Monitoring and Evaluation

Building a Monitoring Team

M&E is a team effort. The team size—particularly the number of field monitors needed—will vary according to the project scale. Oftentimes even large monitoring teams can be assembled at relatively low cost through the recruitment of volunteers or part-time workers. The table, below, summarizes the key roles and responsibilities of M&E team members and provides sample Terms of References (ToRs) for these positions in the AGI pilots:

Position Tasks Sample ToRs
M&E Officer
  • Develop the results framework and M&E Plan, including measurement tools
  • Oversee M&E activities and data collection
  • Maintain management information system (MIS)
  • Produce M&E reports
Tool icon Liberia EPAG M&E Officer ToR
Field Monitors
  • Conduct training venue assessments
  • Conduct quality monitoring visits to training sites
  • Conduct job verification visits
Tool icon Liberia EPAG Quality Monitor ToR
Monitoring Supervisors
  • Coordinate and oversee field monitors
  • Conduct training venue assessments
  • Conduct quality monitoring visits to training sites
  • Conduct job verification visits
Tool icon Liberia EPAG Quality Monitor Supervisor ToR
Data Clerks
  • Conduct data review to verify all completed forms are submitted for data entry and report any discrepancies
  • Enter assigned category of monitoring data into designated database(s)
  • Conduct data quality checks
  • Maintain backup data (electronic and hard copies)
Tool icon Liberia EPAG Data Clerk ToR

If the project includes an evaluation (particularly an impact evaluation), specific team members are needed to work along with the core project M&E team. The principal investigator is responsible for assembling this team in coordination with the project team. Evaluation team members include the following individuals:

Position Tasks Sample ToRs
Principal Investigator
  • Design the evaluation (in coordination with the project team)
  • Assist with the monitoring system development
  • Build and supervise the evaluation team (field coordinator, survey firm, and so on)
  • Perform data analysis, writing, and dissemination
  • Engage stakeholders and build support for the evaluation
Tool icon Principle Investigator ToR
Field Coordinator
  • Act as primary liaison between the evaluation team, the project team and the survey firm
  • Monitor the evaluation implementation and troubleshoot problems
  • Assist with developing field instruments
  • Schedule fieldwork and oversee data collection
Tool icon Liberia EPAG Field Supervisor ToR
Survey Firm
  • Hire and train enumerators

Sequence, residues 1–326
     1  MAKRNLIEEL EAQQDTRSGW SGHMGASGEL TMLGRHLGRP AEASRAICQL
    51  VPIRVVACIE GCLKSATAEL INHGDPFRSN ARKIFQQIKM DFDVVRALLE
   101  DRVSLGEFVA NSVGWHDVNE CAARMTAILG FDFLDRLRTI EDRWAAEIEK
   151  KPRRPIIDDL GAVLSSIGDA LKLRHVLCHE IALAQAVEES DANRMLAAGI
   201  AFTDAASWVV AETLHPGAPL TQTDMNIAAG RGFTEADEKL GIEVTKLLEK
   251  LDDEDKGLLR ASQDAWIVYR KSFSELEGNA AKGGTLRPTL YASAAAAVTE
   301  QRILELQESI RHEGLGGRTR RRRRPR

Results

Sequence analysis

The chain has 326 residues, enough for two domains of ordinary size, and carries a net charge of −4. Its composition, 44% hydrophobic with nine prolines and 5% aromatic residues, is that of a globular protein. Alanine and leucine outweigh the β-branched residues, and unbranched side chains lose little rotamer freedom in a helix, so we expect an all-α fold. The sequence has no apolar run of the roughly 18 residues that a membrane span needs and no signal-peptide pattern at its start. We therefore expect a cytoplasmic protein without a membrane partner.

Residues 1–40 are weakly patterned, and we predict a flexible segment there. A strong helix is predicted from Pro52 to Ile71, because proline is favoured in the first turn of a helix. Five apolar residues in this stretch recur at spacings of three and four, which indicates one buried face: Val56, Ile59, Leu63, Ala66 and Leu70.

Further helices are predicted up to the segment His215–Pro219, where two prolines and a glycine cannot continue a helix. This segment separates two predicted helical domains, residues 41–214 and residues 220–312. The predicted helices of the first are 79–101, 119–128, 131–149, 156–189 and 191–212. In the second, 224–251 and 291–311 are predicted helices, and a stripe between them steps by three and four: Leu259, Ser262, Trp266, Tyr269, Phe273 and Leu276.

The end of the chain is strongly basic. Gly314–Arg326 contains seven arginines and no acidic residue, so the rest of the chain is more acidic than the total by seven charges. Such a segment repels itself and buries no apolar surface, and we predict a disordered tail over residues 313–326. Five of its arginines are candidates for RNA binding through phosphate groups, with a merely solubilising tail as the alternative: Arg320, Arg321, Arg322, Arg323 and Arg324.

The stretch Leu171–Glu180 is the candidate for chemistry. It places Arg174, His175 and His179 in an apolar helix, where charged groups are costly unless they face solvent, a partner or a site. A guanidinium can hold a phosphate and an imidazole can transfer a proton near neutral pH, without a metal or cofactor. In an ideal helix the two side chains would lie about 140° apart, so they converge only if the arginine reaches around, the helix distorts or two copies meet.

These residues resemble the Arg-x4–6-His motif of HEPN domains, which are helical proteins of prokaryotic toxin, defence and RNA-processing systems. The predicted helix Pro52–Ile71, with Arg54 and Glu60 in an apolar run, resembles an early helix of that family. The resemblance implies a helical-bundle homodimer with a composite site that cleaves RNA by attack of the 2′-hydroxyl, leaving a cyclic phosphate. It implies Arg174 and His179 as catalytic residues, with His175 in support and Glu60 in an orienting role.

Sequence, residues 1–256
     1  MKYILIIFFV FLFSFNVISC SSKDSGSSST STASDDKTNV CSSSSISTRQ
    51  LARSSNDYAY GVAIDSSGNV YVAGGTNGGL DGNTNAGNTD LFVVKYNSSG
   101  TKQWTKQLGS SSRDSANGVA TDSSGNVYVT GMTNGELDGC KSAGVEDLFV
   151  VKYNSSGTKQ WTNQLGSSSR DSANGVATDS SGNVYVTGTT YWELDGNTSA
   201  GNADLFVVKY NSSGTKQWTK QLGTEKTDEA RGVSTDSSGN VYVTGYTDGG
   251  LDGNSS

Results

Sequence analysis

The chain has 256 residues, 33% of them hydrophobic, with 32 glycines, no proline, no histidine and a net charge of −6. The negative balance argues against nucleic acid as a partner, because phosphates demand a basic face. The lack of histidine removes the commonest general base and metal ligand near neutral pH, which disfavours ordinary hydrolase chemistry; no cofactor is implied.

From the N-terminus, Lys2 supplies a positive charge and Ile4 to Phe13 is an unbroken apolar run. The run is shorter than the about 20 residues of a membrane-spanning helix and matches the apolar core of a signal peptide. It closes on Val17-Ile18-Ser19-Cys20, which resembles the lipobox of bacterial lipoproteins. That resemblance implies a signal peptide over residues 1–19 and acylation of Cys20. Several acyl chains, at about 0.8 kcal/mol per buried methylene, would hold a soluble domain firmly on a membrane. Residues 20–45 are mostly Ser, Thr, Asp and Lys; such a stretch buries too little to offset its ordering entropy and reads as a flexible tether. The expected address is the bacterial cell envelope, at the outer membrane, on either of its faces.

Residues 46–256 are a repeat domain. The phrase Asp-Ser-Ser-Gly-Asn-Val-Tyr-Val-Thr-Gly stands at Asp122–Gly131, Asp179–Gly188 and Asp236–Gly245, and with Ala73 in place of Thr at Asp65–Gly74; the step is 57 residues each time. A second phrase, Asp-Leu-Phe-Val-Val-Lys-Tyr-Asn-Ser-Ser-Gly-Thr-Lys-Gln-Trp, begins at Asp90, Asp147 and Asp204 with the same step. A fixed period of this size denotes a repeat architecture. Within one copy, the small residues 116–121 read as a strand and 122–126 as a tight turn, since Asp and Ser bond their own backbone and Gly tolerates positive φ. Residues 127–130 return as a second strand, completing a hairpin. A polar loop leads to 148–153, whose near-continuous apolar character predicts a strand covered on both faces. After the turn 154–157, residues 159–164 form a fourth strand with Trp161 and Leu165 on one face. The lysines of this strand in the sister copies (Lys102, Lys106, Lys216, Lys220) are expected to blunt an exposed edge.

• Conduct the data collection (baseline, midline and endline)
  • Clean and deliver datasets to the principal investigator
Tool icon Rwanda Survey Firm ToR
Research Assistant
  • Assist the principal investigator with data cleaning and analysis
  • Assist the principal investigator with writing the evaluation reports
Tool icon AGI Research Assistant ToR
AGI Lessons Learned

Frequent quality monitoring does not have to be costly! Projects can be creative and build sustainable monitoring teams, for example, by engaging community volunteers or college students. Due to their small size and large learning needs, pilots may spend a larger portion of the overall project budget on monitoring than for at-scale programs. In Liberia, for instance, the EPAG project rectuited volunteers from other NGOs to serve as field monitors, which helped cut costs while still keeping the site visits frequent and impartial. In Nepal, additional monitors were engaged during peak verification periods. Consultancy contracts were used to handle the workload in busy times.

Recruit qualified monitors who are trustworthy and have good interpersonal skills. Monitors are an integral part of the project team. They bear the main repsonsibility for ensuring the project's quality and generating the information needed to course correct in real time, if necessary. Monitors should be resposible and reliable people who will uphold project standards and implement their duties with integrity. Define their scope of work clearly and recruit people who are committed to the task.

Ensure that the M&E team is sensitized and trained to interact with and collect data from young women. AGI monitors were required to have experience working with young women. Data collection firms for the AGI projects often employed young females as the interviewers so that female respondents felt comfortable during the interview process. Interviewers need to be trained so that they strictly respect confidentiality, know how to collect sensitive information, and can respond if the interview process uncovers that a respondent is in danger. In Liberia, for example, the project monitoring team has always been exclusively women, chiefly because an important thing they are monitoring for is sexual exploitation and abuse. While administering quantitative questionnaires in Liberia and Afghanistan, the AGI team put in place referral systems for survey interviewers to connect with local service providers if abuse was discovered during interviews.

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